The National Band also led the
opening parade for the American
Royal Livestock and Horse Show,
held at the same time as the con-
vention.
The closing session of the con-
vention dominated by the recog-
nition of outgoing National Officers
and their parents, and the installa-
tion of new officers.

Convention Wrap-Up
"A Chance For Growth" was the
theme selected by the Future
Farmers for their 47th National Con-
vention. It was a fitting theme as
over 17,500 FFA members took
advantage of many leadership
opportunities during the week.
From the time National Presi-
dent Mark Mayfield brought his
gavel down on the first session
Tuesday afternoon until he turned it
over to new President Alpha Trivette
of Virginia Friday night, the Future
Farmers ran the whole show.
FFA'ers listened to outstanding
speakers such as President Gerald
Ford, presented awards to FFA
members with outstanding records in
the organization, selected their Star
Farmer and Star Agribusinessman
and transacted FFA business.


Members of the Moore Haven Livestock Team, recipients of a bronze
emblem from George Kyd, left, of Ralston Purina Company, were
Richard Beck, Jack Lundy, Murray Bass, Pete Hilliard, and their advisor
Ron Smoak.


The Dade City Senior Chapter Meats Judging Team finished tenth in the
nation. Receiving the award from meat packing representatives are
Sandy Ballard, Wayne Ballard, David Foster, Teron Jackson, and coach
Cesar Martinez.


A gold emblem was awarded Dade City in the Poultry team competition.
Receiving their award from Ted Amick, Contest and Awards Director for
the National FFA, are Carry Huffman, Mike Altman, Wayne Pless, Pat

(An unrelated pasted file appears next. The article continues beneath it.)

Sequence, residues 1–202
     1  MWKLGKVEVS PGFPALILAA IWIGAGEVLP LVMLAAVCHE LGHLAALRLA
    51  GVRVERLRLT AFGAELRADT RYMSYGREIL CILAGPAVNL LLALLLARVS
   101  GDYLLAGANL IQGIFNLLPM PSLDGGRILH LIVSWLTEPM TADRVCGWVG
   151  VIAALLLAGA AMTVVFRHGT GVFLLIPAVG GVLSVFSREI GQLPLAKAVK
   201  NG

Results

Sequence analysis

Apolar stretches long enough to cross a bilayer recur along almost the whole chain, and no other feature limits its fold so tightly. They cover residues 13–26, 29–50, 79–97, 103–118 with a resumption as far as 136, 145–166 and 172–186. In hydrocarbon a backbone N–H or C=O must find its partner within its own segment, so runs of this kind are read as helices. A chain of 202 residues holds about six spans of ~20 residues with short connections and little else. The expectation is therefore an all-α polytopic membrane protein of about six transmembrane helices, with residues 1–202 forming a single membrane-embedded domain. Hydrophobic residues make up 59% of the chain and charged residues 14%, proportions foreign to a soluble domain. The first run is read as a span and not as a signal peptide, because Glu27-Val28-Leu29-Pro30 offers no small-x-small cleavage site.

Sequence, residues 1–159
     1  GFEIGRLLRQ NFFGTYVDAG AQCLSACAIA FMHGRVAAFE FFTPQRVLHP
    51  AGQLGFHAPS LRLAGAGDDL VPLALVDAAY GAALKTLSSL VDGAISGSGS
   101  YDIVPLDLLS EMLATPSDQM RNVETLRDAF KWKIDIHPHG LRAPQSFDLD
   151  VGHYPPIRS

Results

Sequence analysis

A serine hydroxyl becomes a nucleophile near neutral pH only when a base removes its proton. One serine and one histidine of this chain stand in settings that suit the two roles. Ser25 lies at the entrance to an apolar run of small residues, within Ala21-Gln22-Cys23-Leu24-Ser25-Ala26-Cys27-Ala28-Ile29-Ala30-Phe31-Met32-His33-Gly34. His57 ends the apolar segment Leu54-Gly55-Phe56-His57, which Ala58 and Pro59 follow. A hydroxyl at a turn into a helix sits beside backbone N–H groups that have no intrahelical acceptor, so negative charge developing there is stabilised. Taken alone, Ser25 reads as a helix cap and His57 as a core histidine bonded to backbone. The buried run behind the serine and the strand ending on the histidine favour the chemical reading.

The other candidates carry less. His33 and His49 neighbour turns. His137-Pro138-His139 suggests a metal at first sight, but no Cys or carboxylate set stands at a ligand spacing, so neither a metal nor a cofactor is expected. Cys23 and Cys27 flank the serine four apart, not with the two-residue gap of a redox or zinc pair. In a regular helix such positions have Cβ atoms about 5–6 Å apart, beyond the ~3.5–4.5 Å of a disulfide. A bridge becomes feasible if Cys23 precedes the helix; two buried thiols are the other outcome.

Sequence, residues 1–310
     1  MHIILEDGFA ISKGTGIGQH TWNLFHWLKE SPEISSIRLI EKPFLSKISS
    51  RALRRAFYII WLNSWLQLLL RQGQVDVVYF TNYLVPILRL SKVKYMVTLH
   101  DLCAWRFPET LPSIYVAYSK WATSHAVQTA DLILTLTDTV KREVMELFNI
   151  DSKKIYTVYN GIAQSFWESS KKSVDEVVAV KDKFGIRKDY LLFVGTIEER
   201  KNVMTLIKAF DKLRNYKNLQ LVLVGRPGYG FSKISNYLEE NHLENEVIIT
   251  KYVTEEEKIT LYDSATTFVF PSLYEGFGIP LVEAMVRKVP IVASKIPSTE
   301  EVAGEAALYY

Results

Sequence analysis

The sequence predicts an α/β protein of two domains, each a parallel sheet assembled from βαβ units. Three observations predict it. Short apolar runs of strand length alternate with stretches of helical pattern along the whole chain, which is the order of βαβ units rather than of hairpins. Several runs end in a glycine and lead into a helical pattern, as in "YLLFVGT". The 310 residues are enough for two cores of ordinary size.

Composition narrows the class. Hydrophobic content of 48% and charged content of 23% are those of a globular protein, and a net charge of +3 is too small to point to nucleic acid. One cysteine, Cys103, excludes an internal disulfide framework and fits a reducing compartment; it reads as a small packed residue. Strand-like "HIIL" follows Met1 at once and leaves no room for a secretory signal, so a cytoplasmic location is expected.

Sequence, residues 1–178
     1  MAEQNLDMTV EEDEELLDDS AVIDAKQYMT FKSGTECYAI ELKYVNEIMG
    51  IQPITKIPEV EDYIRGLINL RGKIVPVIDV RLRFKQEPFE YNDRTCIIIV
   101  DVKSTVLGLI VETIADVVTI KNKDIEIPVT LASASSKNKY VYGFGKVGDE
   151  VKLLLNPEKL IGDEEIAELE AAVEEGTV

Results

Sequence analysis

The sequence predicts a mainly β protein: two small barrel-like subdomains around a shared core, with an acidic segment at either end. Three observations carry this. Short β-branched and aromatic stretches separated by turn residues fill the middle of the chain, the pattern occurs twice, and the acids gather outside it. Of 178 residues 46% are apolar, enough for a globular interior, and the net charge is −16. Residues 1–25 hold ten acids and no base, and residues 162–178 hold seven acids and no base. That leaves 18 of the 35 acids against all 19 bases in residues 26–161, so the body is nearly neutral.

Durden, and Advisor Floyd Philmon.


Representatives of the Interlachen Chapter who took part in the
Agricultural Mechanics Team competition were Timmy Price, Randy
Weaver, Allan Tanner, Billy Woods, and Advisor Wayne Sapp. They are
welcomed by Dean Weidman.


Winter, 1974


g% 1,. &%








Forestry Field Day, Camp, Bring Honors To


Cottondale Chapter
poses with three
queens-from left
the Forest Capital
Queen, Miss USA,
and Miss Florida,
after being named the
top team at the State
Forestry Contest.


Deerfield Beach Chapter was awarded Second Place
at the state contest. Larry Chandler is the advisor.


Finishing in fourth place in the state forestry contest
was Wildwood, with advisor Harvey Smith.


The Brandon Chapter holds the third place banner
from the field day events. Wiley Hinton is advisor.


Taking sixth place was the Allentown Chapter,
shown above with advisor Bill Lundin.


The Florida Future Farmer


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outstanding Chapters and Individuals

The Annual Forestry Field Day
activities recently held at the Florida
Forest Festival at Perry, Oct. 26 were
won by a team from the Cottondale
Chapter.
Six teams competing placed as
follows: Cottondale Chapter, 1st;
Deerfield Beach Chapter 2nd;
Brandon Chapter 3rd; Wildwood
Chapter 4th; Bradford Senior -L <.
Chapter 5th; Allentown Chapter 6th.
5th place Bradford is not
pictured with other Field Day
winners at left.
200 FFA members from all
around Florida attended our Annual
FFA Forestry Training Camp. Two
weeks of instruction in wildlife, "
forestry, ecology and nature are' '
provided Florida FFA members who
are interested in the Forest Industry.
Outstanding campers for the
two weeks were: Rich Stratton,
Michael Morris, Michael Norman,
Chris Sheffield, Dennis Campbell,
Dennis Latson, Jimmy Wade and
Richard Wilson. Commissioner of
Agriculture Doyle Conner and Mr.
John Folks, Florida Power Corpora- Commissioner of Agriculture Doyle Conner greets the second week's
tion addressed the campers during four Outstanding Campers shown above, from left: Dennis Campbell,
their final banquet on Friday noon. Dennis Latson, Jimmy Wade and Richard Wilson.


K.J


Florida Power Corp. Executive The first week's outstanding campers, being recognized by Division of
John Folks, spoke during recent Forestry's Harold K. Mikell, were, from left: Rick Stratton, Michael
state forestry camp. Morris, Michael Norman and Chris Sheffield.


Winter, 1974









State Officers Report on Activities


Busy Times .
Reported

by Jack Lundy

Since the State Convention when you
elected this year's state officers, I
already know some of them real well
but I soon got to know all of them